High-profile figures, including Noam Chomsky and Billy Bragg, have sent messages of support to the students occupying a University of Manchester building.
Protesters have peacefully inhabited Roscoe Theatre B since the protests in Manchester on Wednesday 24 November. The number of occupying students had remained quite small, until protests last week increased the number inhabiting the lecture hall to around 80.
The group voted to extend their stay “indefinitely,” until their demands are met.
Noam Chomsky, renowned political activist, linguist and Massachusetts Institute of Technology (MIT) professor, sent a message of support to the protesting students. The message read: “Pleased to learn about what you are doing. The savage cuts, hardly concealed class warfare, are likely to harm England for a long time to come.
“By coincidence, they were announced when I was giving talks in Mexico’s national University, UNAM, which presents a dramatic contrast – in a poor country, not one of the richest ones. Ten years ago the government proposed tuition. There was a student strike that was so successful that the government backed down, and tuition remains free in a university with quite impressive standards, and hundreds of thousands of students. There surely are alternatives.
“Best of luck in your important efforts,” said Chomsky.
Other voices of support have come from folk singer Billy Bragg, Socialist Labour Party (SLP) leader Arthur Scargill and comedian Mark Thomas.
The University has not altered its standard procedure of locking the building and reducing the heating during evenings and weekends, despite the presence of the occupation. This essentially cuts off access to the protest outside of University hours. The University of Manchester is the only university that is not allowing open access to occupied buildings.
Occupying students have been demanding 24-hour access to the building. At 6pm, security staff lock the Roscoe building and further entry is prohibited.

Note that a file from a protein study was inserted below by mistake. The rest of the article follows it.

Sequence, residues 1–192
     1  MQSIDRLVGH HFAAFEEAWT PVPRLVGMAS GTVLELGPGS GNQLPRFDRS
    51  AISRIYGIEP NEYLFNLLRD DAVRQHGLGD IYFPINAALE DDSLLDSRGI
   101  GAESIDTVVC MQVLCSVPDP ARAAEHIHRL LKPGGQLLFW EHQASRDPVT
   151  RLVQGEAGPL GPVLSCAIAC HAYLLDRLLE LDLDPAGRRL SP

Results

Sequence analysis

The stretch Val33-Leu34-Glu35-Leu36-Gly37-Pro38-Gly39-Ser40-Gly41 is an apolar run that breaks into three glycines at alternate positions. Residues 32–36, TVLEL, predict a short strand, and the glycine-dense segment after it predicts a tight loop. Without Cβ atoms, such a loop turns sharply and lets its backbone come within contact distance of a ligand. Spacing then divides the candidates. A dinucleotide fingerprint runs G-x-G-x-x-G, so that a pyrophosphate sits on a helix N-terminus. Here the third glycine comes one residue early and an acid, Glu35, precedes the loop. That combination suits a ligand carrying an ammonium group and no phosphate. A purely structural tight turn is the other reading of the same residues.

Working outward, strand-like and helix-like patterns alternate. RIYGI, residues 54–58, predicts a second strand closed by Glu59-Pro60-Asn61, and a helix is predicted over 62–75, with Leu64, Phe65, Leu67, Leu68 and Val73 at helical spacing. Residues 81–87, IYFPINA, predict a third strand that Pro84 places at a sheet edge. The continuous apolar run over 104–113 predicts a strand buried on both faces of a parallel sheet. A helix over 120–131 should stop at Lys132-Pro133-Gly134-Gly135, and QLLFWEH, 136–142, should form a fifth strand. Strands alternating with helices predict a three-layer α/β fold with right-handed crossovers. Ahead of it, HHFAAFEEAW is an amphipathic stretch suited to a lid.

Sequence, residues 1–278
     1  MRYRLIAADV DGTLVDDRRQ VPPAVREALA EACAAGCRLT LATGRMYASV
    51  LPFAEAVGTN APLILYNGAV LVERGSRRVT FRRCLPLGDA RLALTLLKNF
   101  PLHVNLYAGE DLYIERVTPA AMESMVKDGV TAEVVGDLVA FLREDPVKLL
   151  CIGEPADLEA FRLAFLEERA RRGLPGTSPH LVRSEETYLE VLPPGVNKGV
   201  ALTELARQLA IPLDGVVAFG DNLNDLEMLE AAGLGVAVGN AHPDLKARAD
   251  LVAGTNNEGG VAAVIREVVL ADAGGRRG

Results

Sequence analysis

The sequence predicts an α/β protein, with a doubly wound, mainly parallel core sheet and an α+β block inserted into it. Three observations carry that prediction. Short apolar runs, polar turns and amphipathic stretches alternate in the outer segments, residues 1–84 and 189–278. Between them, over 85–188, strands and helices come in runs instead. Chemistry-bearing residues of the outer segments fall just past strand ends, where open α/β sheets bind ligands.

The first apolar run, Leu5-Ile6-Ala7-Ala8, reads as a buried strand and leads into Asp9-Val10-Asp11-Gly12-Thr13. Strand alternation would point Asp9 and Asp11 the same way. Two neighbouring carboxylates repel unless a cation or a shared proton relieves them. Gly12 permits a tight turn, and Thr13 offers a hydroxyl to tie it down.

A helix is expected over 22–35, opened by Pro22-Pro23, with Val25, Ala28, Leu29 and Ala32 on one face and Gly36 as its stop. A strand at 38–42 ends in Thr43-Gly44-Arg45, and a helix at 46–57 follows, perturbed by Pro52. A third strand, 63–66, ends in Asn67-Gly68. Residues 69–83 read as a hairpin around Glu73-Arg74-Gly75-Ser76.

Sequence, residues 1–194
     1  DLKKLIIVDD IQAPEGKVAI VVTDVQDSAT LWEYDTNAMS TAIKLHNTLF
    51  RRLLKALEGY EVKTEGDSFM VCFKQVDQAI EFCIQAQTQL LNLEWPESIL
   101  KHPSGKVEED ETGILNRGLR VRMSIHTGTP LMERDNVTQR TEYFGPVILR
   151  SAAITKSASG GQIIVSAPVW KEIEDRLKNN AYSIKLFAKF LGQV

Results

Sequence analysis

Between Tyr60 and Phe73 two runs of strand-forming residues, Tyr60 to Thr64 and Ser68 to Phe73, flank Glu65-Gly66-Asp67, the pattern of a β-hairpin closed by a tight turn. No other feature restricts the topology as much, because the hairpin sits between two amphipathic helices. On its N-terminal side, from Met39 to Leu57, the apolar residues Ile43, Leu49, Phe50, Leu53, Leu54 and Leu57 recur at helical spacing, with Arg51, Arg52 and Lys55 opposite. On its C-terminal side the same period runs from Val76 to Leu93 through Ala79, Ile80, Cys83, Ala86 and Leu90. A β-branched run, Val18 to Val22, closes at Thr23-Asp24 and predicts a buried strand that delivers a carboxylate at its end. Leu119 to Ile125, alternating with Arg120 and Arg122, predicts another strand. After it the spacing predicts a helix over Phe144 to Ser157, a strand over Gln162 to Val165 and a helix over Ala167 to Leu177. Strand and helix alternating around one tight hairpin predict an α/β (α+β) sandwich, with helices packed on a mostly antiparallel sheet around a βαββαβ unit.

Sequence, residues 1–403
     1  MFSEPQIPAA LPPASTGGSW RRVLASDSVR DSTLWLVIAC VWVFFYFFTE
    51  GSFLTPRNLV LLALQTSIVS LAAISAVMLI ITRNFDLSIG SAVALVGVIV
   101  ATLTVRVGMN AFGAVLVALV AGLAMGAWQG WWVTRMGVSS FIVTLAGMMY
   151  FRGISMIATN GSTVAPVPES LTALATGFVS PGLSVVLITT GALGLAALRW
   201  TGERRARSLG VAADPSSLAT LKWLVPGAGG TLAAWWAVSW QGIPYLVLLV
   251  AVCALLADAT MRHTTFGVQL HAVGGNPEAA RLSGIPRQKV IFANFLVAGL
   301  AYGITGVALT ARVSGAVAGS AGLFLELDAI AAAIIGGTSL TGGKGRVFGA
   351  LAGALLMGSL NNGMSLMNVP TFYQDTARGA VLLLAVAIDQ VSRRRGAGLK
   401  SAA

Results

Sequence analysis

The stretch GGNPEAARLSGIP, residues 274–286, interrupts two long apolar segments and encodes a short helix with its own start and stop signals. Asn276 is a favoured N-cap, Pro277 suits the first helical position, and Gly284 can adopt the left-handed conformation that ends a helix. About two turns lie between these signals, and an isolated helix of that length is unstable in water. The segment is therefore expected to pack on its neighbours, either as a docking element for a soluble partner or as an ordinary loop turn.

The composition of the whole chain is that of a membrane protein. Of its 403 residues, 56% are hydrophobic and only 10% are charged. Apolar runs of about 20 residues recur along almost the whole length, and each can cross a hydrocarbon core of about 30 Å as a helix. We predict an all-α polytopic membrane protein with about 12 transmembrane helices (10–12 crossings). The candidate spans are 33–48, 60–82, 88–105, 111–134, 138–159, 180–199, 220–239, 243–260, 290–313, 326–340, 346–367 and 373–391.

A student who is occupying the Roscoe building said: “The University has consistently denied us access to the building out of hours, which is a condition of any occupation that university management committees usually agree to. We remain the only University in the country not to have been granted this access.”
On the second day of national protests on Tuesday 30th November, close to 6pm, the protesters sat in the doorways and linked arms so that the doors could not be closed and locked.
A statement was later delivered to the students by security staff, from University authorities: “For the past week, the University has recognised the legitimacy of your concerns and your right to protest within the law and the Universities’ own regulations.
“However, we have had to notify the University authorities of your actions this evening, and we have been asked to formally notify you that you are causing significant disruption to the operation of the University and are compromising the integrity of this building as such.
“Staff and students, you are in breach of the University regulations. Any others, you are committing criminal trespass.”
The statement concluded: “The University is taking actions in relations to these breaches of its regulations and the law.”
Previous attempts had been made by the occupying students to gain 24-hour access to the building. The occupation originally stated that they would not disrupt any lectures in Roscoe B, and simply move to the side: “We were happy to sit in the back of lectures so as not to disrupt the education of other students.”